8. Matthew and Marilla – in Anne of Green Gables (and Davey- who shows up in later books).  Brother and sister, Matthew and Marilla couldn’t be more different in personalities, but I love them both.

9. Mr. Collins – Pride and Prejudice by Jane Austen. He’s not my favourite character, but he’s certainly memorable!!

10. Ms. Trunchbull – Matilda by Roald Dahl.  Oh Ms. Trunchbull – such a mean and nasty person could certainly never be forgotten.


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I’m still getting through books I read on my vacation.  Cloaked is an original tale that combines a lovely mix of lots of different fairy tales, including The Elves and the Shoemaker, a Frog Prince, the siblings-turned-swans story, and various others I was less familiar with. Bonus! It’s got a boy protagonist! Very refreshing!

Basically, Johnny has a pretty normal life, working at his family shoe repair business at a fancy hotel in Florida.  His best friend, Meg, works at the coffee shop next door, and Johnny and his mom get by  – barely.  Things are turned upside-down when the arrival of a Princess sets of a magical chain of events, leading Johnny to track down / rescue her brother (now a frog), with the help of a magical cloak. Adventures ensue!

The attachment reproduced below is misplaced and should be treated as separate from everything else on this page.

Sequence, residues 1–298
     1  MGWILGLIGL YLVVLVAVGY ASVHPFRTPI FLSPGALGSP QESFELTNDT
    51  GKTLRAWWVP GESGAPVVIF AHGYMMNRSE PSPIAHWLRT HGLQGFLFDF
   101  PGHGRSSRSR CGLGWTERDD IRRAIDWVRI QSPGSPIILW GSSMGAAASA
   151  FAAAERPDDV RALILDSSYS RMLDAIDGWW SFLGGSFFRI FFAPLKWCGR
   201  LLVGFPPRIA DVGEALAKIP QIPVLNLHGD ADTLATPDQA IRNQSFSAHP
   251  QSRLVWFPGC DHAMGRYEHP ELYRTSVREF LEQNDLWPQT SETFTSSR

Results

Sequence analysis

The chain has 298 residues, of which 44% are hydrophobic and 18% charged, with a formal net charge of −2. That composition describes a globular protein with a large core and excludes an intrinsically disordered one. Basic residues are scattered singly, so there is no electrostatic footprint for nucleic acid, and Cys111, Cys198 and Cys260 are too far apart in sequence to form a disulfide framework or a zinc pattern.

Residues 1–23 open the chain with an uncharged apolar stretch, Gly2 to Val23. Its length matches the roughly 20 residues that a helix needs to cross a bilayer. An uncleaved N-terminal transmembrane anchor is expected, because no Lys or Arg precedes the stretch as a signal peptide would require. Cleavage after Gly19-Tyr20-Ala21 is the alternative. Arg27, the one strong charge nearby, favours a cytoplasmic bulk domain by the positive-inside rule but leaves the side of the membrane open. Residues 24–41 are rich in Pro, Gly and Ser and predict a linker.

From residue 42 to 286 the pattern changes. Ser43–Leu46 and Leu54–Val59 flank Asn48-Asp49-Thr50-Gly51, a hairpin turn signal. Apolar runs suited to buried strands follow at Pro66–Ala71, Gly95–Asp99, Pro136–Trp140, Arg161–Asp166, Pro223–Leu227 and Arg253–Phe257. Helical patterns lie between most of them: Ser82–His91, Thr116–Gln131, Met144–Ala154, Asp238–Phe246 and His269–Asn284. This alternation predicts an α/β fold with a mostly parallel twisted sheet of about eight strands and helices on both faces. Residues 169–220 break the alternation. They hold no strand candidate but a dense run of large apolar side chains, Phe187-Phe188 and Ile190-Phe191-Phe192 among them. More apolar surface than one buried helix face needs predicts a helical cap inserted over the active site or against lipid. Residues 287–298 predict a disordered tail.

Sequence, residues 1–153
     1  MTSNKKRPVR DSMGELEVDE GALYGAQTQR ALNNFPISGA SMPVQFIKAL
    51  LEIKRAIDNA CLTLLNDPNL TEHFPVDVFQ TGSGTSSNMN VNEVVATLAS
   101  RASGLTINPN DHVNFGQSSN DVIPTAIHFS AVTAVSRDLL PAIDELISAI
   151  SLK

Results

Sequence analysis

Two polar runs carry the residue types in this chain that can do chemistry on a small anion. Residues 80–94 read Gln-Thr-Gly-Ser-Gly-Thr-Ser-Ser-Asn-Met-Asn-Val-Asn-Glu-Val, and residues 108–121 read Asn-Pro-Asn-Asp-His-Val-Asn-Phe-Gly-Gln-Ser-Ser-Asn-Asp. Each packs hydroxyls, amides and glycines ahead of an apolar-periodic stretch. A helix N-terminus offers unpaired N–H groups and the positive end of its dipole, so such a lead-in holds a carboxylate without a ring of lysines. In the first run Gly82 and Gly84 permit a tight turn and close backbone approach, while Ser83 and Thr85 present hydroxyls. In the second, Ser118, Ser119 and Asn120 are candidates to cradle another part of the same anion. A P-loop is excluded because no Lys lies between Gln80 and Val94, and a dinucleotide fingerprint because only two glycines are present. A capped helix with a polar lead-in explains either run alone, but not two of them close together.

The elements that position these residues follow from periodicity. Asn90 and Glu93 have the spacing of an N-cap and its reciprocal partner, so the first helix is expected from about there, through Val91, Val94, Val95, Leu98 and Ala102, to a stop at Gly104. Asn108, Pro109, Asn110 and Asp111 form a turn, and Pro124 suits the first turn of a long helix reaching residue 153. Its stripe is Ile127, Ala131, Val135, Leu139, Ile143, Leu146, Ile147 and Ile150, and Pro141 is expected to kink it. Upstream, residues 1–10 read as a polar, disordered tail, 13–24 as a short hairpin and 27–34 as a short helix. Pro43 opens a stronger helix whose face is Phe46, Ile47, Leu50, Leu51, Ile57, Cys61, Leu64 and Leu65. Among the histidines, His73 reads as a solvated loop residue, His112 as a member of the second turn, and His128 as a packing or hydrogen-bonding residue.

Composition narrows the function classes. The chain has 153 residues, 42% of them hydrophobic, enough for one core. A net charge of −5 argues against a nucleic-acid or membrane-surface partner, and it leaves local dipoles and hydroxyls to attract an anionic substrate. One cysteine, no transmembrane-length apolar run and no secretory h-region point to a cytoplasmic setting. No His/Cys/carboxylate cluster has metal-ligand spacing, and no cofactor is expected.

• Love books with boy protagonist – always refreshing.
  • Lovely mix of lots of different fairy tales.
  • Strong female character and very decent/wholesome/excellent male main character.
  • Fun idea – love the shoe references!
  • Light, refreshing writing.

4/5 (because I can’t say it was my absolute favourite – there were a couple times when I was frustrated by Johnny’s apparent density / stupidity) – I would definitely recommend it though!

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Plain Kate

Plain Kate

Plain Kate by Erin Bow is the story of  Kate, the wood-carver’s daughter.  Kate is talented with a carving knife – almost too talented.  In a land where witches are burned when things go wrong, skill such as Kate’s may be dangerous.  Kate must use her wits and her skills in order to survive.  An ill-fated trade changes Kate’s life around, as she gives up her Shadow to escape a town increasingly uneasy with her.

Learning the ways of the group of nomads that Kate is permitted to travel with, she becomes good friends with Drina.  Kate learns more about the ill-fated deal, and decides to get her shadow back from Linet, the witch who took it.

Kate must find herself, try to save those she cares about, and try to survive a world of shadows and witches.


Taggle – Awesome cat, who adds much-needed comedic relief.